A number of relatively rare forms of severe insulin resistance include features of type 2 DM or IGT (Table 23-1). Mutations in the insulin receptor that interfere with binding or signal transduction are a rare cause of insulin resistance. Acanthosis nigricans and signs of hyperandrogenism (hirsutism, acne, and oligomenorrhea in women) are also common physical features. Two distinct syndromes of severe insulin resistance have been described in adults: (1) type A, which affects young women and is characterized by severe hyperinsulinemia, obesity, and features of hyperandrogenism; and (2) type B, which affects middle-aged women and is characterized by severe hyperinsulinemia, features of hyperandrogenism, and autoimmune disorders. Individuals with the type A insulin resistance syndrome have an undefined defect in the insulin-signaling pathway; individuals with the type B insulin resistance syndrome have autoantibodies directed at the insulin receptor. These receptor autoantibodies may block insulin binding or may stimulate the insulin receptor, leading to intermittent hypoglycemia.
Polycystic ovary syndrome (PCOS) is a common disorder that affects premenopausal women and is characterized by chronic anovulation and hyperandrogenism (Chap. 13). Insulin resistance is seen in a significant subset of women with PCOS, and the disorder substantially increases the risk for type 2 DM, independent of the effects of obesity.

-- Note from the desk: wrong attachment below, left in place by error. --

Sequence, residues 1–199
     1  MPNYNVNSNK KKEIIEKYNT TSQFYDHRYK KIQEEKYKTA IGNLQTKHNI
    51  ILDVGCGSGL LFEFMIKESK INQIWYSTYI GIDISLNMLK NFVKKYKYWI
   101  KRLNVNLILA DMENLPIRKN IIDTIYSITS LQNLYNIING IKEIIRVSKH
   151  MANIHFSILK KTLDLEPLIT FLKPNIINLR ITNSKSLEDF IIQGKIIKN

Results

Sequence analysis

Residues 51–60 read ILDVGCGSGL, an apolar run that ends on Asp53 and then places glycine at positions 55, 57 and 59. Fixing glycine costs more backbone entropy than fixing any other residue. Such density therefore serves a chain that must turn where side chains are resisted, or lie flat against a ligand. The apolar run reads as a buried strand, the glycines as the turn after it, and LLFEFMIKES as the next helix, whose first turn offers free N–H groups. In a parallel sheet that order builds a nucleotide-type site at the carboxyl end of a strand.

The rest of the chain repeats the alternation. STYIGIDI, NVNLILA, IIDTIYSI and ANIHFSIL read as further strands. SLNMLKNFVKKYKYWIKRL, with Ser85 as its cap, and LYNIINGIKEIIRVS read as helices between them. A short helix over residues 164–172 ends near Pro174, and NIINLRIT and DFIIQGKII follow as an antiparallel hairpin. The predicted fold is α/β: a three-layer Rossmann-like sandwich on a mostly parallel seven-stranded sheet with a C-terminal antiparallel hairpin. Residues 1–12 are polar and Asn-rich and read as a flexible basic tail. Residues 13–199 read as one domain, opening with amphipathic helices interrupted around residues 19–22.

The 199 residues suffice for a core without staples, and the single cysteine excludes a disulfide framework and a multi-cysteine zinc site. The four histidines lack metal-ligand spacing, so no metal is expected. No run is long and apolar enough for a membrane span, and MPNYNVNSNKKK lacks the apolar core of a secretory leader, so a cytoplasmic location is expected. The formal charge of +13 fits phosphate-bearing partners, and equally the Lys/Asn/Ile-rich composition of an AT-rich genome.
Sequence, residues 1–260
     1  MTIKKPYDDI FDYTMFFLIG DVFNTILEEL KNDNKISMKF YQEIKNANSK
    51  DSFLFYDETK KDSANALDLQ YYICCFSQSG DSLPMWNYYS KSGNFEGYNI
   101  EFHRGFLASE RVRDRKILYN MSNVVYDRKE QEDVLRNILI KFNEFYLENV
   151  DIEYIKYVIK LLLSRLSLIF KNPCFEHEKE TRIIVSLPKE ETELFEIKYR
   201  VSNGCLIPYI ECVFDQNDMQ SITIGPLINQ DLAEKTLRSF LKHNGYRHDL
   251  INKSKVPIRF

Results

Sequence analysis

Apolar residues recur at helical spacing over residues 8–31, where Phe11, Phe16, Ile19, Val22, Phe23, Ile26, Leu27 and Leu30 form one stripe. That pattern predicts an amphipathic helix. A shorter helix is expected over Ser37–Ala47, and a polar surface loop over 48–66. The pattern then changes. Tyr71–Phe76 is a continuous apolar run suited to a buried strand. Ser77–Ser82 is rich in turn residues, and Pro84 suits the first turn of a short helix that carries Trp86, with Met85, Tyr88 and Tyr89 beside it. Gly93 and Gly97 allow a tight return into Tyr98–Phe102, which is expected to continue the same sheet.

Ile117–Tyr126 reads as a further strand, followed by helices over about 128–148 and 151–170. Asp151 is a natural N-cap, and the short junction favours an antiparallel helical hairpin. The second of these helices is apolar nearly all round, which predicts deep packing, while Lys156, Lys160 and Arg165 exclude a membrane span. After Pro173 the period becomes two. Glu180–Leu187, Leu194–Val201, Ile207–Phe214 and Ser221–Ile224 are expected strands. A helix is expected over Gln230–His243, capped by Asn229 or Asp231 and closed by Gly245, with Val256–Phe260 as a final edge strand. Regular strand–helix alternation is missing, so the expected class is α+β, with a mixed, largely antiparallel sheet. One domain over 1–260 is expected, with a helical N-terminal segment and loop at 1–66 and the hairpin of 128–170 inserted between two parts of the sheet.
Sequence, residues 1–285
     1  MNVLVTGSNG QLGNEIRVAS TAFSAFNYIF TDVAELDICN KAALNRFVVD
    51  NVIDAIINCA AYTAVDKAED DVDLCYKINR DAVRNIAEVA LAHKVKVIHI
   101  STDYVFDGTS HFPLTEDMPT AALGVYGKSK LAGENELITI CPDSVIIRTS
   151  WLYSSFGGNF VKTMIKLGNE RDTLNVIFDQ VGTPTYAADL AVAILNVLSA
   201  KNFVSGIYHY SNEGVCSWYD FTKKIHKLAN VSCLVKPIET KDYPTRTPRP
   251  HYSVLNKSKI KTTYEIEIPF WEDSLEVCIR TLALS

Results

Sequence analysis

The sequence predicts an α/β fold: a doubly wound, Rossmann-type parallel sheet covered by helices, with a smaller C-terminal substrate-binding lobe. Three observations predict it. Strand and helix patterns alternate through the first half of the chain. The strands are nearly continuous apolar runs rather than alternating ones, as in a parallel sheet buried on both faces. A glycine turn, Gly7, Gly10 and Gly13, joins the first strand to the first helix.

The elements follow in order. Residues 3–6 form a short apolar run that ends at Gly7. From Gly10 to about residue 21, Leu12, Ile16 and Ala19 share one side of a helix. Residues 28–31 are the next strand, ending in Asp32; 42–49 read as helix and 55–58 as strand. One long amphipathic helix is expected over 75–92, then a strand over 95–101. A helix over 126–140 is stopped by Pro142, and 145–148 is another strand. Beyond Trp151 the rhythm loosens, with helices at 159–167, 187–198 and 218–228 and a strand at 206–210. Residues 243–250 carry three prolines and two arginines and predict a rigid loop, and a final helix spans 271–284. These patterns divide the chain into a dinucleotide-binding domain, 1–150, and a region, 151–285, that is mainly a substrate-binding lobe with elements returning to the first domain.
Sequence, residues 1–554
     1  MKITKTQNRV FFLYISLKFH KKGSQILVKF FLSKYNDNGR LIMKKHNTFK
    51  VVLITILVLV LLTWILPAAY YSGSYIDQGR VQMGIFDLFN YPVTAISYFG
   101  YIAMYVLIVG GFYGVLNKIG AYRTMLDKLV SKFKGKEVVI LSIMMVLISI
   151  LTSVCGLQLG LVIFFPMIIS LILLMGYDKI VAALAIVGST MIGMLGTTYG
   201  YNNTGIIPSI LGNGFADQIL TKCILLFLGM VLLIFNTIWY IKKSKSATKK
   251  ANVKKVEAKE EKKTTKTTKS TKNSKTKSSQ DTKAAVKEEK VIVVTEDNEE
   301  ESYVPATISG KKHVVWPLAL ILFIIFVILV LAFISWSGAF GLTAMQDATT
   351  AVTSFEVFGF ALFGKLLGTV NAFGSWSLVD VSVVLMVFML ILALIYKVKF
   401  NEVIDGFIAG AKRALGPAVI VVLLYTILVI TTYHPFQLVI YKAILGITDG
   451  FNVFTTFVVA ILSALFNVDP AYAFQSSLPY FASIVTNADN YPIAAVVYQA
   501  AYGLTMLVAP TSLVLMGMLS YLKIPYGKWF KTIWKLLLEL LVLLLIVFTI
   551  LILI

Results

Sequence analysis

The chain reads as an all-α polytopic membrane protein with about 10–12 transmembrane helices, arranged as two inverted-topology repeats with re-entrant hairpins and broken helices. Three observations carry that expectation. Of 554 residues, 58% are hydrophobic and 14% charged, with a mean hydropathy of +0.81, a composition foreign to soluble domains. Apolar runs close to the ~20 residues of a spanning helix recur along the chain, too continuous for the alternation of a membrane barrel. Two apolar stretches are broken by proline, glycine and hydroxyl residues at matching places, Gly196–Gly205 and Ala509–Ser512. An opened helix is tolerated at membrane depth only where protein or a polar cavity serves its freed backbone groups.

Type 2 DM is preceded by a period of IGT or IFG, and a number of lifestyle modifications and pharmacologic agents prevent or delay the onset of DM. Individuals with prediabetes or increased risk of diabetes should be referred to a structured program to reduce body weight and increase physical activity as well as being screened for cardiovascular disease. The Diabetes Prevention Program (DPP) demonstrated that intensive changes in lifestyle (diet and exercise for 30 min/d five times/week) in individuals with IGT prevented or delayed the development of type 2 DM by 58% compared to placebo. This effect was seen in individuals regardless of age, sex, or ethnic group. In the same study, metformin prevented or delayed diabetes by 31% compared to placebo. The lifestyle intervention group lost 5–7% of their body weight during the 3 years of the study. Studies in Finnish and Chinese populations noted similar efficacy of diet and exercise in preventing or delaying type 2 DM. A number of agents, including α-glucosidase inhibitors, metformin, thiazolidinediones, GLP-1 receptor pathway modifiers, and orlistat, prevent or delay type 2 DM but are not approved for this purpose. Individuals with a strong family history of type 2 DM and individuals with IFG or IGT should be strongly encouraged to maintain a normal BMI and engage in regular physical activity. Pharmacologic therapy for individuals with prediabetes is currently controversial because its cost-effectiveness and safety profile are not known. The ADA has suggested that metformin be considered in individuals with both IFG and IGT who are at very high risk for progression to diabetes (age <60 years, BMI ≥35 kg/m2, family history of diabetes in first-degree relative, and women with a history of GDM). Individuals with IFG, IGT, or an HbA1c of 5.7–6.4% should be monitored annually to determine if diagnostic criteria for diabetes are present.